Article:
Islamabad, Pakistan – The United States has lauded Afghan President Ashraf Ghani‘s offer to open negotiations with the Afghan Taliban, with senior US State Department official Alice Wells saying the armed group has some “legitimate grievances” over governance.
“We’ve always said that the legitimate grievances raised by the Taliban over justice, over corruption, over predatory governance of the past – those issues need to be resolved,” said Wells at a press briefing in Washington on Monday.
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Last week, President Ghani offered the Taliban peace talks “without preconditions”, with a view towards recognising the armed group, which has been fighting US and Afghan forces for 16 years, as a legitimate political party.
Wells welcomed Ghani’s proposal, saying the Kabul conference at which it was made was “a really historic and benchmark event”.
The Afghan Taliban have yet to formally respond to the offer. The group has been resurgent in the battlefield in recent months, with a US watchdog reporting in October that 43 percent of the country was being contested between the Afghan government and the Taliban.
In January, a BBC study found that the Afghan Taliban directly controlled four percent of the country, but were openly active in 70 percent of Afghanistan.
Pakistan’s ‘legitimate concerns’
Responding to a question on relations with Pakistan, Wells appeared to soften the US position on Afghanistan’s eastern neighbour, with whom relations have been fraught since last year.
“Pakistan has a very important role to play in a peace process. We believe that Pakistan can certainly help to facilitate talks and to take actions that will put pressure on and encourage the Taliban to move forward towards a politically negotiated settlement,” she said, pointing out that Pakistan had “legitimate concerns” in Afghanistan.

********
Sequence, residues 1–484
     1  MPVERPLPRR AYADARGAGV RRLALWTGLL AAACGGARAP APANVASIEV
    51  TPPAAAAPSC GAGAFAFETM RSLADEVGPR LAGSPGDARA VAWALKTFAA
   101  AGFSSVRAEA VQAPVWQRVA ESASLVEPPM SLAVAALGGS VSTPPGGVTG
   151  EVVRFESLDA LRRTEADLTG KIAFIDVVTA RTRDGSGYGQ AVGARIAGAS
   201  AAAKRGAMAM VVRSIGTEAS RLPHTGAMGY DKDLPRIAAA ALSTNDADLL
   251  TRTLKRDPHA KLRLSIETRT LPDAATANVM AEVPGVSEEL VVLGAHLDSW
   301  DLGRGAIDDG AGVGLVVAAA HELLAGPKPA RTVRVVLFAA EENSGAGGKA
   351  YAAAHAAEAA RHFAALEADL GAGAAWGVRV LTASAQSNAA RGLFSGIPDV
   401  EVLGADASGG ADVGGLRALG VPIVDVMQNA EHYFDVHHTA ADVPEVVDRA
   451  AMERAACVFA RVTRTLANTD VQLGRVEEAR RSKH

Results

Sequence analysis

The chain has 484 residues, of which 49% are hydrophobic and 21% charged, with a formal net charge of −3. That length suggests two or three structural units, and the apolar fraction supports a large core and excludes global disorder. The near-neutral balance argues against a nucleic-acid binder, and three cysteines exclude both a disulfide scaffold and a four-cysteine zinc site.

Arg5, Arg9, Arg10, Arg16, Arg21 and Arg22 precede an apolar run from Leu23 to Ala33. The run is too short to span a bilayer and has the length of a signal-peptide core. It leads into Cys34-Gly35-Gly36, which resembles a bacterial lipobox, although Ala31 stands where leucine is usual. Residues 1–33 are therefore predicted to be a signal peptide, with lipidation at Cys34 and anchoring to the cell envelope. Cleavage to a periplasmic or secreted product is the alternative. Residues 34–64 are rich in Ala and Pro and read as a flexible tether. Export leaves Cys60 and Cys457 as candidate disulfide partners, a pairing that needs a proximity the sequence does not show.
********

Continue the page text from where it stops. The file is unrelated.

“They have concerns over border management; over the [Pakistani Taliban’s] presence in ungoverned space in Afghanistan; refugee concerns,” she said.
Pakistan and the US have sparred in a war of words since last August, when US President Donald Trump announced his Afghanistan and South Asia policy, singling out Pakistan for particular criticism.
In January, Trump cut $1.1bn in security aid to Pakistan, saying the country was not doing enough to fight elements of the Afghan Taliban and Haqqani Network allegedly present in its territory. Pakistan denies the charge.
Despite the aid freeze, diplomatic contacts between the two countries have continued, and Pakistani Foreign Secretary Tehmina Janjua is in Washington for high-level talks this week.
Her visit follows a trip to Islamabad by senior US National Security Council official Lisa Curtis last week.
“Ms. Curtis urged the government of Pakistan to address the continuing presence of the Haqqani network and other terrorist groups within its territory, and reiterated the international community’s long-standing concern about ongoing deficiencies in Pakistan’s implementation of its anti-money laundering/counterterrorism finance regime,” a statement released after that visit said.
Pakistan recently faced an international setback at a meeting of the Financial Action Task Force (FATF) in Paris, where it was decided to place the country on the international organisation’s ‘grey list’, for not doing enough to clamp down on the financing of armed groups, including those that target regional rival India.
Asad Hashim is Al Jazeera’s Web Correspondent in Pakistan. He tweets @AsadHashim